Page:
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Re: Geometry Problem [#permalink]
20 Jul 2008, 09:15

E is the answer. Let's draw B close to A (AB is relatively small, say equal to 1) and C is far away from both A and B, for example AC = 10. Then we can draw a line through B and O, the middle of AC. If D belongs to that line than BD bisects AC. Let's draw a circle with the center in C and radius AB, it intersects line BO in two points. One of those points (D') gives parallel lines R1 and R2 because angle BCA = CAD', the other one doesn't because BCA is not equal to CAD''.

Re: Geometry Problem [#permalink]
21 Jul 2008, 04:18

maratikus wrote:

mbawaters wrote:

I believe its a combination of 1) and 2) that makes the figure a prallelogram. Agreed? If yes then yes these lines should be parallel. C.

I disagree. There is no guarantee that it's going to be a parallelogram, solution is not unique.

A good thing to know here is that what is a minimum requirement for a quadrilateral to be a parallelogram? I thought having diagnolas bisecting and two of the opposite sides being equal was good enough a reason to assume this quadrilateral was a parallelogram.

Re: Geometry Problem [#permalink]
21 Jul 2008, 05:14

mbawaters wrote:

A good thing to know here is that what is a minimum requirement for a quadrilateral to be a parallelogram? I thought having diagnolas bisecting and two of the opposite sides being equal was good enough a reason to assume this quadrilateral was a parallelogram.

It says BD bisects AC. It doesn't say anywhere that BD and AC bisect each other.

Re: Geometry Problem [#permalink]
21 Jul 2008, 06:22

maratikus wrote:

mbawaters wrote:

A good thing to know here is that what is a minimum requirement for a quadrilateral to be a parallelogram? I thought having diagnolas bisecting and two of the opposite sides being equal was good enough a reason to assume this quadrilateral was a parallelogram.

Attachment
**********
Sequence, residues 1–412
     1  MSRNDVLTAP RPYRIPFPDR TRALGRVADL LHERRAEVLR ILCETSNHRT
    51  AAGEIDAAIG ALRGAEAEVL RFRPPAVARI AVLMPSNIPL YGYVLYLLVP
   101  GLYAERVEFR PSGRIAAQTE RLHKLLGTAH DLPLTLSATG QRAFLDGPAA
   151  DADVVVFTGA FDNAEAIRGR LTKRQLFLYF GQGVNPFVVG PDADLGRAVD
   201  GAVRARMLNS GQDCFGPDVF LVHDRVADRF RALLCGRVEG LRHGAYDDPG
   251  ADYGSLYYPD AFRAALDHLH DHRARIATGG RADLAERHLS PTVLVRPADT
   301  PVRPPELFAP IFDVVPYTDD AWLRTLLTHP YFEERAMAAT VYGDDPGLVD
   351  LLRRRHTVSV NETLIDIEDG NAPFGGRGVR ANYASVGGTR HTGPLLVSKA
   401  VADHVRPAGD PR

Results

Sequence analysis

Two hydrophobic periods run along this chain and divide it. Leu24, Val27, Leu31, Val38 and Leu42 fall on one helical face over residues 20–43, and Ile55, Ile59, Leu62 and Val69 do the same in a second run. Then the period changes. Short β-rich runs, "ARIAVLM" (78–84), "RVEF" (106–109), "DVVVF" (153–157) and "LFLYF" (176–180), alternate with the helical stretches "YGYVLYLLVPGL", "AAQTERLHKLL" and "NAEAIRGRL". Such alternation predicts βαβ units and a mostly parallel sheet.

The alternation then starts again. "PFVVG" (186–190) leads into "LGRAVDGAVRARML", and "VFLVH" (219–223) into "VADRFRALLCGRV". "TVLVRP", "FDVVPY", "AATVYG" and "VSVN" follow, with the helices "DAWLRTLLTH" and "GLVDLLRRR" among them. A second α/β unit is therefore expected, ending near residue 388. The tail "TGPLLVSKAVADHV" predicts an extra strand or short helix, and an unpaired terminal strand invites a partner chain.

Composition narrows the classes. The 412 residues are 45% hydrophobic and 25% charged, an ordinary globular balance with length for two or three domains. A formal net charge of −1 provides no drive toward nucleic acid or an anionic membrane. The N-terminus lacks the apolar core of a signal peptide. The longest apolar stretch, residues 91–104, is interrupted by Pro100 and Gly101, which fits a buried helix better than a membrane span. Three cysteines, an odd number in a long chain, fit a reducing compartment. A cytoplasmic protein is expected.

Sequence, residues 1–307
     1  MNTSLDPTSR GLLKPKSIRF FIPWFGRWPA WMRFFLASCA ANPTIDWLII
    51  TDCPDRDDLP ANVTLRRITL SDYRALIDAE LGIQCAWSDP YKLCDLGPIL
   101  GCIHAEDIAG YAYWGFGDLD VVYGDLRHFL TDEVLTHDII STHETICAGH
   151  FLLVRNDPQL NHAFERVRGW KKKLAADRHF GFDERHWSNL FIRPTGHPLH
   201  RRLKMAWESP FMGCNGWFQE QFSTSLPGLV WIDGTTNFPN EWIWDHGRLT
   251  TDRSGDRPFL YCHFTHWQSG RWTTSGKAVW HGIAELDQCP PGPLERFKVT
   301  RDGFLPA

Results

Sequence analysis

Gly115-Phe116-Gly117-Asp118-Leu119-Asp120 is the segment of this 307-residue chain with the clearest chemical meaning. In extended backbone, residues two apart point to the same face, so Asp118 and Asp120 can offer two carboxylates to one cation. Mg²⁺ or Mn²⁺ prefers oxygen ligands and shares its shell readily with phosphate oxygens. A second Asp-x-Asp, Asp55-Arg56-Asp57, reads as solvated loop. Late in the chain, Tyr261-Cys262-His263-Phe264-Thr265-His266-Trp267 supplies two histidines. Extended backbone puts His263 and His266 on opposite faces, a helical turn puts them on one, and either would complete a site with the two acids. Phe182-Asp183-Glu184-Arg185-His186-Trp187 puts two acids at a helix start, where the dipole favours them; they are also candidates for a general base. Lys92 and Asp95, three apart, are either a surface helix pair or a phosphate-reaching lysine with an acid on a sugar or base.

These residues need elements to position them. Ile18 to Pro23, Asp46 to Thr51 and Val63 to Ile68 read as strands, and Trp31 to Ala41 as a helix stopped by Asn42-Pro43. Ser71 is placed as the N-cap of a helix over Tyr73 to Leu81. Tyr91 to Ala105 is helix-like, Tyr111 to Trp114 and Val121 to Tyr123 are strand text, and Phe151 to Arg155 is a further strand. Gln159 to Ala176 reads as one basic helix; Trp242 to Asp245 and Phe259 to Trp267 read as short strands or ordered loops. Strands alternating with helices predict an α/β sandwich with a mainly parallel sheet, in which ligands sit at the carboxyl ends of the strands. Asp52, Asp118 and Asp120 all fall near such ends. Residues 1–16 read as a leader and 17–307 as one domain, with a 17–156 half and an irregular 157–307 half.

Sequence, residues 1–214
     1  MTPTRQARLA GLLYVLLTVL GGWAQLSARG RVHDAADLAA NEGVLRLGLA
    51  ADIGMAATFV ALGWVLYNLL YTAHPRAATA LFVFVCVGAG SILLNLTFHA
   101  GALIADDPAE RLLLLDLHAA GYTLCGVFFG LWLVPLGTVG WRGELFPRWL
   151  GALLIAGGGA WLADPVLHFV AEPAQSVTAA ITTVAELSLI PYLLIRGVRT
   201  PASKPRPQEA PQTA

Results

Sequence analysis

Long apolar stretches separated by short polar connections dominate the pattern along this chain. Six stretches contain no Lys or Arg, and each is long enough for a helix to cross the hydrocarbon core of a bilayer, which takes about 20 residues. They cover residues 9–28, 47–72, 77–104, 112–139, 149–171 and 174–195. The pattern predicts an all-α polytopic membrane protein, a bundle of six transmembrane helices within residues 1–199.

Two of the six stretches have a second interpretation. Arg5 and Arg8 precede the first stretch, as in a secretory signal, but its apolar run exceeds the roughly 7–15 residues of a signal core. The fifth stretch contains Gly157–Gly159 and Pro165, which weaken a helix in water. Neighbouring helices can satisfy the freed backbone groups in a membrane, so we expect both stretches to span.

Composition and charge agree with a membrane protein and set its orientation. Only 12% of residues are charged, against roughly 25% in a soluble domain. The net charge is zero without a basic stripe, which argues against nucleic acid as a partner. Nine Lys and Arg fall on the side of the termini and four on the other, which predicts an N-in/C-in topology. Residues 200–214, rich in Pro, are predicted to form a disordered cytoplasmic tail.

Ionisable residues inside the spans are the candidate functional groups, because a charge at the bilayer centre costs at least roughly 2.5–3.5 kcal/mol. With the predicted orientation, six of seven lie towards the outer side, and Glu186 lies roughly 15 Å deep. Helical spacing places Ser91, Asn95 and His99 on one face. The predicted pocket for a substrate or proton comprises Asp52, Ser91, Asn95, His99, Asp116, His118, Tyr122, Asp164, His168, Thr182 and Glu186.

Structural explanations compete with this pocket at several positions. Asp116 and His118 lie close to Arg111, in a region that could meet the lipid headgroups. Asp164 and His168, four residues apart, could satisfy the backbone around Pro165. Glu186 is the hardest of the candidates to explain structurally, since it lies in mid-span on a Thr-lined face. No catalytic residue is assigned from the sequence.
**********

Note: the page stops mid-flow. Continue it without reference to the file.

It says BD bisects AC. It doesn't say anywhere that BD and AC bisect each other.

Sure! but we have two properties here

1) AB = DC 2) BD bisects AC

Can AB be equal to DC if AC also did not bisect BD? I was not able to come up with a case...

Re: Geometry Problem [#permalink]
21 Jul 2008, 11:00

mbawaters wrote:

maratikus wrote:

mbawaters wrote:

A good thing to know here is that what is a minimum requirement for a quadrilateral to be a parallelogram? I thought having diagnolas bisecting and two of the opposite sides being equal was good enough a reason to assume this quadrilateral was a parallelogram.

It says BD bisects AC. It doesn't say anywhere that BD and AC bisect each other.

Sure! but we have two properties here

1) AB = DC 2) BD bisects AC

Can AB be equal to DC if AC also did not bisect BD? I was not able to come up with a case...

Follow my example, posted above. E is the answer. Let's draw B close to A (AB is relatively small, say equal to 1) and C is far away from both A and B, for example AC = 10. Then we can draw a line through B and O, the middle of AC. If D belongs to that line than BD bisects AC. Let's draw a circle with the center in C and radius AB, it intersects line BO in two points. One of those points (D') gives parallel lines R1 and R2 because angle BCA = CAD', the other one doesn't because BCA is not equal to CAD''.

Re: Geometry Problem [#permalink]
23 Jul 2008, 03:40

Statement 2, by itself, tells us that AB must equal BC and that AD must equal CD. Imagining a kite (in which the vertical axis bisects the horizontal axis (but not vice-versa)) may make the rule easier to understand. Combining this conclusion with statement 1 indicates that all four segments in the perimeter must be equal (transitive rule of equalities), therefore, the figure is a rhombus (but not necessarily a square). Rhombuses are a class of parallelogram, so AC then becomes a transversal of two parallel lines so angle BCA = angle CAD.

Answer: C.

gmatclubot

Re: Geometry Problem
[#permalink]
23 Jul 2008, 03:40

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